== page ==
Have you considered adopting a shiba? There are a lot of young shibas that go into rescue programs and if you're impatient about adding one to your family, this could be a good option.
  • teddyjamesteddyjames
    Posts: 124
    Great information! I'll look more into the diet, bite inhibition, and leash training! I know that no amount of reading will prepare me for things like the shiba scream and waking up at 2 am for a potty break, or the first vet visit. Every dog is different so I'll have to learn my dogs personal traits but I've learned a lot on this forum about different personalities to expect. Right now my biggest thing is finding a breeder (doing my best to avoid hobby breeders but its all I can get in contact with at this point). I understand patience is key, so im trying to get one this summer where I wi have a few months of no job, no school, but steady income to train and socialize my new pup! I would love to adopt or rescue but I feel that's not the best choice for me at the moment. My brother has a cat so he's skeptical of getting anything besides a puppy to ensure the two can have a decent relationship. And I feel raising one as a puppy will have me better prepared to adopt or rescue in the future if I decide to get another. Thanks for the great tips everyone! Love hearing your stories and keep em coming :)
  • redcattooredcattoo
    Posts: 1960
    My first dog was from a BYB at 5 months of age. My second dog was a rescue situation at 3.5 months of age.

    So you can, with the right patience and timing, sometimes find a very young dog in a rescue situation.

    I agree I have learned a lot by raising them from a younger age as they are my first dogs as an adult. For the most part I have had to lay the training foundations, which I believe has taught me things that will make me a stronger person for fostering in the future if my situation allows.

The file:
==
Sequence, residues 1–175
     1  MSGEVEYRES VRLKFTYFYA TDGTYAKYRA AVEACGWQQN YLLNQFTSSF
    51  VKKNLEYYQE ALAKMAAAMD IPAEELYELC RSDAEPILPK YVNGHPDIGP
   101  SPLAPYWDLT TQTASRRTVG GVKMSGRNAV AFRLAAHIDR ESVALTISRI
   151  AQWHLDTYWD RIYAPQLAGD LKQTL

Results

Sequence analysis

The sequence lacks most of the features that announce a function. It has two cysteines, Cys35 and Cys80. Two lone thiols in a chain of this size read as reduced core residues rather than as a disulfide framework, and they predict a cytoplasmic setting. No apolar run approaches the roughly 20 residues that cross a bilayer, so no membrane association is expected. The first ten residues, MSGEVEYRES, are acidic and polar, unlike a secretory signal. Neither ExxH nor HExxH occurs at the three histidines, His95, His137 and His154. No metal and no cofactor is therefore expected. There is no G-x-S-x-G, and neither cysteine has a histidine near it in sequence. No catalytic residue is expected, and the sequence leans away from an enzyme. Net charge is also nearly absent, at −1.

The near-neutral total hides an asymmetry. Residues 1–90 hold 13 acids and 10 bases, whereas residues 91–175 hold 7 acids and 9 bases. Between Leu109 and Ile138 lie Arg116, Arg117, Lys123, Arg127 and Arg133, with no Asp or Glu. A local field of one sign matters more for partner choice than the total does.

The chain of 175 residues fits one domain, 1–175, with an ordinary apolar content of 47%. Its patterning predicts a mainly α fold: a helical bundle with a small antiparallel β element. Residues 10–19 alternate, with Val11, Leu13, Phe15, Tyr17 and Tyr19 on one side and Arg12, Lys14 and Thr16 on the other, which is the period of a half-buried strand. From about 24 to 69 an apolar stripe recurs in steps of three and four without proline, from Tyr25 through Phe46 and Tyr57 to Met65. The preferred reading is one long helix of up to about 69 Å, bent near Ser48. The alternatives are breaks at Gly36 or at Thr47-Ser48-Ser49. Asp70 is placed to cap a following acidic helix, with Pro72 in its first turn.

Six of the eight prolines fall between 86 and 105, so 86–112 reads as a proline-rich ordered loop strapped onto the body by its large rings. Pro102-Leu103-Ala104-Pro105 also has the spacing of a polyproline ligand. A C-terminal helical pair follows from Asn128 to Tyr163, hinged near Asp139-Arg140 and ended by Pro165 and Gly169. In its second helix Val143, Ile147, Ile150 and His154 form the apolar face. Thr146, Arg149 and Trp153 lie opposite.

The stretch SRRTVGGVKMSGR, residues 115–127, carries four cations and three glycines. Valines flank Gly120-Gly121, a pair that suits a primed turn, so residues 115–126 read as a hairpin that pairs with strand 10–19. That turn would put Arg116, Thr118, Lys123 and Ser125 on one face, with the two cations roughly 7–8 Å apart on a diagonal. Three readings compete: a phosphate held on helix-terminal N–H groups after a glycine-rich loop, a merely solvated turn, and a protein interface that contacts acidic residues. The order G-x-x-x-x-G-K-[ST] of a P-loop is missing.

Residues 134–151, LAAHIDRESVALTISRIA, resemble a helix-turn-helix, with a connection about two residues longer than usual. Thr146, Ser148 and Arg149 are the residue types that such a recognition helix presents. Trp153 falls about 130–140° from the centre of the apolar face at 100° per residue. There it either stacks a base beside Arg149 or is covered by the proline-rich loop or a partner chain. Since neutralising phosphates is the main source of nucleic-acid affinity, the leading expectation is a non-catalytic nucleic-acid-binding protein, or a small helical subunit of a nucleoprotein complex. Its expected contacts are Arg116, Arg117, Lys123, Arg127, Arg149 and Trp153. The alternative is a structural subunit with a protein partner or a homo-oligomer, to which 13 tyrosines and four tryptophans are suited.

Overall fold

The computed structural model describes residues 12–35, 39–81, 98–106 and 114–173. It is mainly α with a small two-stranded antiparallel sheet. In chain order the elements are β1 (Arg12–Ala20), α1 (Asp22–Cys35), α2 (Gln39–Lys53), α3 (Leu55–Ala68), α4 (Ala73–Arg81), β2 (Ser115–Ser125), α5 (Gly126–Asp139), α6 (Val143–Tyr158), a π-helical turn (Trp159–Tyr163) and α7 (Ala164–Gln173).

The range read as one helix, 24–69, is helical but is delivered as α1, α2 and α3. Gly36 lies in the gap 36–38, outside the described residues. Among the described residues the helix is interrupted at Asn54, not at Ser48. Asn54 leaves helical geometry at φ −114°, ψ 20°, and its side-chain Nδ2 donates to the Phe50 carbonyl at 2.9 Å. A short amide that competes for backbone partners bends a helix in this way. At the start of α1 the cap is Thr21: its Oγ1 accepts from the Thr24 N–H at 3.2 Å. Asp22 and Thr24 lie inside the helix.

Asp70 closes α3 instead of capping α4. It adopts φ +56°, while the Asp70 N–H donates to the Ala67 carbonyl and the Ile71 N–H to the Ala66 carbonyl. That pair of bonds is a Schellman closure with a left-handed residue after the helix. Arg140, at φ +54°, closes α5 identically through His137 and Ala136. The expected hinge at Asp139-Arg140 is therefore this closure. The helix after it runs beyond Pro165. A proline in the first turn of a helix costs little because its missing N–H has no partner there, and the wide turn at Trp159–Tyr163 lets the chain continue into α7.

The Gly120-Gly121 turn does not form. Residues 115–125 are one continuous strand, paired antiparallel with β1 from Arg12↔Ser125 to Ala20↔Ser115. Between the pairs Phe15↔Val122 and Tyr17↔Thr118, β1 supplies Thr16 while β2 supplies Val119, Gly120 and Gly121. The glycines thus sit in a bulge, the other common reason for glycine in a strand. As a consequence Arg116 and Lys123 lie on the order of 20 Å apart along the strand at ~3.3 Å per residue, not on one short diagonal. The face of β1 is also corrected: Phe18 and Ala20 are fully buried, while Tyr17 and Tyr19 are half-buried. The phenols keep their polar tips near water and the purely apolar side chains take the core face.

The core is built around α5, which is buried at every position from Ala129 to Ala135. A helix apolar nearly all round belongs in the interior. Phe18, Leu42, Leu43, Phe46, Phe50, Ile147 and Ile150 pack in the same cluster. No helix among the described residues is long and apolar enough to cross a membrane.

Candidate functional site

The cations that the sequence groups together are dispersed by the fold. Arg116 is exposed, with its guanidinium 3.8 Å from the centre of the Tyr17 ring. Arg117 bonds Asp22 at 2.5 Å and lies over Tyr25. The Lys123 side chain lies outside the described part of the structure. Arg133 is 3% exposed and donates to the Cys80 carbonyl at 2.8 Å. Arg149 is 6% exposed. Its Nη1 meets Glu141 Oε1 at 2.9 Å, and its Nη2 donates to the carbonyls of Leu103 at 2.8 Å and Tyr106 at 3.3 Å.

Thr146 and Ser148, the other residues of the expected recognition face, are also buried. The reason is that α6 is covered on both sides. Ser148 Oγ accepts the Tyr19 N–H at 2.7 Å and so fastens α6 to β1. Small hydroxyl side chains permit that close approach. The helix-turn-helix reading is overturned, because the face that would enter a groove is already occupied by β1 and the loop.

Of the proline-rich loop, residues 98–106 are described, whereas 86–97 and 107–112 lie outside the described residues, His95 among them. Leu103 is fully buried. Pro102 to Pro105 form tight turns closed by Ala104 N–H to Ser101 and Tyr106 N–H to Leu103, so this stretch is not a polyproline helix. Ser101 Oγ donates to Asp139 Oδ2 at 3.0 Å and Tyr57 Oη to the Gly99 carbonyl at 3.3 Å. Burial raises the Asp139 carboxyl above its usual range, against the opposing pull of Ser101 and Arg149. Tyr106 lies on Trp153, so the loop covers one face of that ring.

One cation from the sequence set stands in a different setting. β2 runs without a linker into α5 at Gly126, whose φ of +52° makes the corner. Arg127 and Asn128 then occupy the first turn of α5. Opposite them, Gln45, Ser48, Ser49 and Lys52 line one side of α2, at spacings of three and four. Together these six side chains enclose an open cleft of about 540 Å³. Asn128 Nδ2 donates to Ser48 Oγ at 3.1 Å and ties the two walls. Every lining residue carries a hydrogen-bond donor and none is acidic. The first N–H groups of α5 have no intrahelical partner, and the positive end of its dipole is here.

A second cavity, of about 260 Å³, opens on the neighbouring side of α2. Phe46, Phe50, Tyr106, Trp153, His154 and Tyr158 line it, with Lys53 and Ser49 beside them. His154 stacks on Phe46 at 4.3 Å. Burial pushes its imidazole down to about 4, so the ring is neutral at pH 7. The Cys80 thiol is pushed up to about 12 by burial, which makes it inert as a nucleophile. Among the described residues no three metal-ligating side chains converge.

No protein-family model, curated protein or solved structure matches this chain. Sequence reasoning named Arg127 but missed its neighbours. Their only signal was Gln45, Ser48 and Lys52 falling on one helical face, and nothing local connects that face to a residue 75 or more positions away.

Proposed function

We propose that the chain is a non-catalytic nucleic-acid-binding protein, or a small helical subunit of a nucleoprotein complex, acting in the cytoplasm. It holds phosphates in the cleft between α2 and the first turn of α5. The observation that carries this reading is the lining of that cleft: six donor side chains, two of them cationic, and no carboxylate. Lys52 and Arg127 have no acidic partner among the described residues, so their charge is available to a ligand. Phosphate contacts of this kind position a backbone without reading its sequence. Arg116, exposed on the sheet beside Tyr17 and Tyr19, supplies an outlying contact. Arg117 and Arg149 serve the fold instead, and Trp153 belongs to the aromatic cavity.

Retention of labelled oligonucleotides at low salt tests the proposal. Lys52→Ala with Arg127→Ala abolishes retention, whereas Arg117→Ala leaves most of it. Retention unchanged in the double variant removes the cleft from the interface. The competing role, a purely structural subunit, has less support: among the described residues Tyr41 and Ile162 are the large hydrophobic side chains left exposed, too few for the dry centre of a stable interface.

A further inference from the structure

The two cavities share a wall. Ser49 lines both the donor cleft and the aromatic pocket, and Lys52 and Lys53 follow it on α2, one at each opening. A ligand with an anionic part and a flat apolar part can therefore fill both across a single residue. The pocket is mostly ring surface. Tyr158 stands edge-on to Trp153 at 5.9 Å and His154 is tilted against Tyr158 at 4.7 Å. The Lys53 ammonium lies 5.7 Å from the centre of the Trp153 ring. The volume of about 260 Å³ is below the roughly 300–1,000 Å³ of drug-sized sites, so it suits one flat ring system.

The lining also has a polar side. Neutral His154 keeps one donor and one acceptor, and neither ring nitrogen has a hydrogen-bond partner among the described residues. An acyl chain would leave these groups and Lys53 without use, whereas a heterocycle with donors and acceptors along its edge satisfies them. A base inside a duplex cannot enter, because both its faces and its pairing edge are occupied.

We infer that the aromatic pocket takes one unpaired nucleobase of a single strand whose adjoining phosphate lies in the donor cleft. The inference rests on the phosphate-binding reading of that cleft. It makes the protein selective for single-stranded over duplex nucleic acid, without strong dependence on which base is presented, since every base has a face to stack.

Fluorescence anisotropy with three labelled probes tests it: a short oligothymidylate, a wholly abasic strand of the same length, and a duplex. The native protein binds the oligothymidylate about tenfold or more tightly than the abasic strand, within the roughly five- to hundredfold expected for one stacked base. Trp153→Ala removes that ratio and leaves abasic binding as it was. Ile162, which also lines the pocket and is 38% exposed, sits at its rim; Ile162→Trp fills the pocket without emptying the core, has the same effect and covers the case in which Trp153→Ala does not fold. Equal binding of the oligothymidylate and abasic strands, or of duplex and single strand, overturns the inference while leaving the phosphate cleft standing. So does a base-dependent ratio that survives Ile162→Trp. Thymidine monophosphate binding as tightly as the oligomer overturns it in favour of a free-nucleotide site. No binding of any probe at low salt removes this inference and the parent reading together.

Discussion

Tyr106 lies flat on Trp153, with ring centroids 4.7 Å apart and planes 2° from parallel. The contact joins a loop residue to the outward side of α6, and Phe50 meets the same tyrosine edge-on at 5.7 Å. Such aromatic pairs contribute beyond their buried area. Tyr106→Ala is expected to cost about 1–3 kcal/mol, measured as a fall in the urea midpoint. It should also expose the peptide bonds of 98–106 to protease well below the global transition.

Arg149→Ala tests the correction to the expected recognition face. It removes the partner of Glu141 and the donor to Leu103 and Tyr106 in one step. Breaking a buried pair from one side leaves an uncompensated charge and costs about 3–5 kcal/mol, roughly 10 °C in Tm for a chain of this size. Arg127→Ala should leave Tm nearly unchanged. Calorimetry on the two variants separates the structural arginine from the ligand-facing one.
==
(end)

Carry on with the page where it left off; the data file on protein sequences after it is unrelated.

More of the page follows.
That being said, the advantage of using a rescue organization specifically centered on Shiba's, you can be placed with a dog that has been socialized and personality traits known; thereby, you can get one you know is already good with cats. This situation allows you to know the personality quirks before committing, with a puppy you have a lot of work to socialize and even then you don't always know what the quirks will be.

    I found, more because of my cats, who had never been socialized to dogs as kittens, that the introduction of a puppy to cats was harder trying to get both sides to socialize. Even today, I can't say my cats are friends with either dog because the cats haven't taken to the socialization process. Maybe, if I had a dog already used to cats and only had to focus on the cats the process would have been easier as I wouldn't have the issue of the puppy always trying to "mouth" the cat while I try to keep the cat in the area and calm enough to work on both sides (dog and cat) of the interaction.
  • RAM25RAM25
    Posts: 317
  • teddyjamesteddyjames
    Posts: 124
    @RAM25 great post! Thank you! Sometimes the stories and all the "what to do and what not to do" can be a bit disheartening to me as well! Stories about all the training difficulties and life obstacles its created for people. But I just remind myself that I'm preparing for the worst and hopong for the best so that I'm ready, come hell or high water! Whenever I hear the sad stories and how "black and white" raising a puppy can seem, there's no problem that cant be corrected with patience and properly placed effort
  • RAM25RAM25
    Posts: 317
    Post edited by RAM25 at 2013-03-22 13:59:26
  • sunyatasunyata
    Posts: 8589
  • bmass174bmass174
    Posts: 79
    I was prepared for a hyper bundle of fun that needed a regular schedule and LOTS of patience and consistancy. I had toys, a crate in its perminant spot, and even the first vet check scheduled.